On November 9, I facilitated a Writer’s Workshop at the Educational Service Center. Below you will find the Q and A and some resources I use for the event.
To begin, here is a link to the Power Point used in the workshop. In addition, here are other resources you may find helpful:
- Overview of writers workshop (handout)
- Writer’s workshop coaching sheet
- Writer’s workshop note taking sheet
- Writers workshop revision record
Also, here are the TEDTalks from Brene Brown on vulnerability and shame that I mentioned.
“Let yourself be silently drawn by the strange pull of what you really love. It will not lead you astray.”
Lectio Divina, or “divine reading” is traditionally a form of contemplative practice from the Christian faith tradition where one studies scripture seeking messages from God.
Today, it can also be used as a contemplative practice where one meditates on a text of choice, often times a poem, seeking individual connections and meanings.
Opening the first page of a new notebook,
blank space soon to be filled
beginning again, pen to paper,
poised to fill the pages
Last week I worked with some amazingly creative and engaged teachers from a variety of backgrounds facilitating a workshop on mindful creativity. The Q and A below is a result of questions from participants left on exit tickets, followed by my responses.
- Why “mindfulness”? Any special reason for picking that word?
This is a really good question that gave me pause. I looked up the root of the word and came upon this document published by the National Institute for the Clinical Application of Behavioral Medicine. In short: mindfulness itself simply means intentional awareness to the moment, which is innately human and certainly not new. The formal practice of mindfulness has its root in Buddhism, and according to this article by Siegel, Germer, and Olendzki:
“‘Mindfulness,’ as used in ancient texts, is an English translation of the Pali word, sati, which connotes awareness, attention, and remembering. (Pali is the language in which the teachings of the Buddha were originally recorded. The first dictionary translation of sati into “mindfulness” dates to 1921 (Davids & Stede, 1921/2001).”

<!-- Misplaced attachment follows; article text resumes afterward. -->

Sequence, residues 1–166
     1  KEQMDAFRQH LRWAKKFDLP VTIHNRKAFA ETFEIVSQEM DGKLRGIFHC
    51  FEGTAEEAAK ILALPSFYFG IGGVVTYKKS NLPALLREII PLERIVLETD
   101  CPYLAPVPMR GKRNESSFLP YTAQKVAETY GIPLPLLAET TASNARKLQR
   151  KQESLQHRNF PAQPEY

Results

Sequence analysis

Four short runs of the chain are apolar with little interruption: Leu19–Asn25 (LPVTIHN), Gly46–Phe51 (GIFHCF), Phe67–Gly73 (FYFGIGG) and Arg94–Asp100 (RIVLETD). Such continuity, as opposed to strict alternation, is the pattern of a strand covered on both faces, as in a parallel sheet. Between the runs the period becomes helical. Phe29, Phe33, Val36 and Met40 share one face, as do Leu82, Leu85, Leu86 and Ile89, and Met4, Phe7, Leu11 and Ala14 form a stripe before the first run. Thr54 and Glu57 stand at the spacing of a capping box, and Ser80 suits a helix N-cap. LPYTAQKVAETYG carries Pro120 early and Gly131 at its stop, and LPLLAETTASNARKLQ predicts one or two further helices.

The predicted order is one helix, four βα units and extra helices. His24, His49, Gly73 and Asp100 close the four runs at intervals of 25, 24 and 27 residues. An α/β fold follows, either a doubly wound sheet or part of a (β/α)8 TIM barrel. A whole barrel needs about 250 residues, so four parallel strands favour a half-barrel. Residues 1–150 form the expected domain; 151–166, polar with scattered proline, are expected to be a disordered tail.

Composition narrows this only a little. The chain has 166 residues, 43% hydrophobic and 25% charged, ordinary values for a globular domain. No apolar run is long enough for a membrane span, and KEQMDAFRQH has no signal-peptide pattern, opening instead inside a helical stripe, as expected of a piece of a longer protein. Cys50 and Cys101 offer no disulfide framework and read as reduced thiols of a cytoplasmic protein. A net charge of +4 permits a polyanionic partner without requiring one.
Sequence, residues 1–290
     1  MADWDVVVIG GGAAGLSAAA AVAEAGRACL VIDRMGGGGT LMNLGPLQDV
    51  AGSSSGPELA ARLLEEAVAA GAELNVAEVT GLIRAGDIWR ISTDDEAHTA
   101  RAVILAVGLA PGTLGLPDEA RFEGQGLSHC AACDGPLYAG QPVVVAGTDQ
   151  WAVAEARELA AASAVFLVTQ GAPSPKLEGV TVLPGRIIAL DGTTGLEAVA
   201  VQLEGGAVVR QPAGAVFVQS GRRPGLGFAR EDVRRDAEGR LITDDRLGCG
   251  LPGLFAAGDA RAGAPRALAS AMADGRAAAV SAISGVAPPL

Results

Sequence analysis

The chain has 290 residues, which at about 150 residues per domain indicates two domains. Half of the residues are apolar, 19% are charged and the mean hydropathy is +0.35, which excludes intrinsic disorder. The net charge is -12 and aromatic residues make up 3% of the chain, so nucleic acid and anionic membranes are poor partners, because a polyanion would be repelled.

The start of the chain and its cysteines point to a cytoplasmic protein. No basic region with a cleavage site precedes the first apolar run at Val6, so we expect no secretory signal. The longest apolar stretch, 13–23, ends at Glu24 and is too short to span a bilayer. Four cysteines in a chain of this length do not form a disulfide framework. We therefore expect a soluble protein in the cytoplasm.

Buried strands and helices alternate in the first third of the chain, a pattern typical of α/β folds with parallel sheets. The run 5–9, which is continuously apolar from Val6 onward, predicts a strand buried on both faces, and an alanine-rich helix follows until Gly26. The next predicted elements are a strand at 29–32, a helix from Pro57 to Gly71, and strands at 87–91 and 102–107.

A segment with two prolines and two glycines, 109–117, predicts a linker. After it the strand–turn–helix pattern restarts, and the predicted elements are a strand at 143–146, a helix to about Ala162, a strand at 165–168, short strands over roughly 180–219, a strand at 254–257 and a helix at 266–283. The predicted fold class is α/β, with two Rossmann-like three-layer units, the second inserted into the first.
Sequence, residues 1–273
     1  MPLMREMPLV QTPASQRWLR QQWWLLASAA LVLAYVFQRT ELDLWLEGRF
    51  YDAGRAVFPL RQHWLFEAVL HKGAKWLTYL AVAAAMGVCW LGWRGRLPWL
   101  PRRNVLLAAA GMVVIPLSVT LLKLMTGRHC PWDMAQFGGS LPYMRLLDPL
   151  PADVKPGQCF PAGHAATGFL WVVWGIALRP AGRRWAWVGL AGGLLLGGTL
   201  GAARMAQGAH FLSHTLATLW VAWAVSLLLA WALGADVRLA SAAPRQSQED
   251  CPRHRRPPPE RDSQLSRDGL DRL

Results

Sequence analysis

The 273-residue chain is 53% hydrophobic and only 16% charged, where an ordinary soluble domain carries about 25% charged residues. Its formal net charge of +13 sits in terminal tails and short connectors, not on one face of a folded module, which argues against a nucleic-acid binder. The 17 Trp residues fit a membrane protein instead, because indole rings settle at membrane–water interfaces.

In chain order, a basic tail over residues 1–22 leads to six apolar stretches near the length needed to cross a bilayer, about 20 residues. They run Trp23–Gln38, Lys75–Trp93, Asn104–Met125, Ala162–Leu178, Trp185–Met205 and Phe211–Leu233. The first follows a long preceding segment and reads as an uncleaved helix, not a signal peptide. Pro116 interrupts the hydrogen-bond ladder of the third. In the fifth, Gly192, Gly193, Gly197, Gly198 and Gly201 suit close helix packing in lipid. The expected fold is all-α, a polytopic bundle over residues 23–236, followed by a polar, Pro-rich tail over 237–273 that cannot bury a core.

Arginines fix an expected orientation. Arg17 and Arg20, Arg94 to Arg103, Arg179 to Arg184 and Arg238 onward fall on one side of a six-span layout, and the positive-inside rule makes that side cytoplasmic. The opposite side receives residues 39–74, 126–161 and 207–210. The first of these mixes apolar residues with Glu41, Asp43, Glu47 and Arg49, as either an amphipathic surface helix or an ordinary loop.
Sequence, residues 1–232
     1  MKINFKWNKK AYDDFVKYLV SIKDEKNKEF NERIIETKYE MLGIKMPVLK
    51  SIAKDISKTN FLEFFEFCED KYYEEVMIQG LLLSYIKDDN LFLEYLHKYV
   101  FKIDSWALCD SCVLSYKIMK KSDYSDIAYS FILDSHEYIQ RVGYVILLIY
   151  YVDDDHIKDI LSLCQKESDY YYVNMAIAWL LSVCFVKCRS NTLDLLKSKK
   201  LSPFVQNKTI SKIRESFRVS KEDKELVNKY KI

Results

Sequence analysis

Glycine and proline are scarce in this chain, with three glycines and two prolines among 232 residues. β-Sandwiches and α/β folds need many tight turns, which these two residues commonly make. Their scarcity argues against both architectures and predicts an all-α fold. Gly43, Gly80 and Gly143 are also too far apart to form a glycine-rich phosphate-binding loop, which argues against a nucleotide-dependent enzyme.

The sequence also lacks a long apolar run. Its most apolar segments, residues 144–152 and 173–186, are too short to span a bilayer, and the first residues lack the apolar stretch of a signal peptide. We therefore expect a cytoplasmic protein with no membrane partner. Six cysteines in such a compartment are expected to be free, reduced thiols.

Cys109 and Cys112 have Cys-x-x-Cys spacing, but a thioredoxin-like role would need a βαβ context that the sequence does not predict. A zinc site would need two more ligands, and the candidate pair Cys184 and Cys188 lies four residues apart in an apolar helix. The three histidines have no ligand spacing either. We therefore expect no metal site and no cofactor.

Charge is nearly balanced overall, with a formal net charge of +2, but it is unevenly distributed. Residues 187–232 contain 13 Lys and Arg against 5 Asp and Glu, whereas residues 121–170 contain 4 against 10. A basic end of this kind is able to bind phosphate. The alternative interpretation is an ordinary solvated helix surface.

- What is the difference between mindfulness and self-consciousness?
Mindfulness is about cultivating present-moment awareness and self-compassion. Self-consiousness does not necessarily equate to either of these outcomes. One can be aware of one’s self, particularly as viewed through the eyes of others or through the critical self, in ways that are neither objectively aware or self-compassionate. In addition, while mindfulness may create space or distance from thoughts, self-consciousness alone may increase one’s engagement with thoughts, particularly those about the self.
This week I worked with students in the Mosaic program with Kim Leddy and Steve Shapiro. We wanted to provide students with an introduction to mindfulness and mindful creativity while also introducing the themes of transformation, identity and change.
Before I came into the classroom, Kim and Steve had used a variation on this mindfulness lesson (originally for teachers and staff) to introduce neuroplasticity and mindfulness to students. In the lesson, they also had students write metaphors for their brains. Student responses ranged from “a runaway train” to “Willy Wonka’s chocolate factory.”
This lesson prepared students by providing opportunities to think about what their brain is like now, and what they might want it to be like in the future with the understanding that they can make changes with focused attention. It was a great lead in to some creative, messy work.
“For just that moment of speaking, whatever you say is there, briefer even than the taste of gelato or the light on the frescoes at San Marco.”
– Angie Estes, “Want” in Poets on the Psalms
A most powerful insight that has developed for me over time is this: words, rituals, do in fact have power over humanity- power to heal and power to transform- perhaps only in the moment, perhaps over a lifetime.
I recently wrote about the power of ritual to harness our both intention and attention toward honoring the moments of our lives. Because this topic of ritual has been on my mind, I used the inspiration to create a writing prompt for my writers group made of amazing women whom I know through either the Columbus Area Writing Project or the Pages program.
The On Being post features The Burning House, a project where people submit photos of what they would take with them if their house was burning down. This inspired me to do the same. Of course, I am too wordy to just list things, so there is a description, too.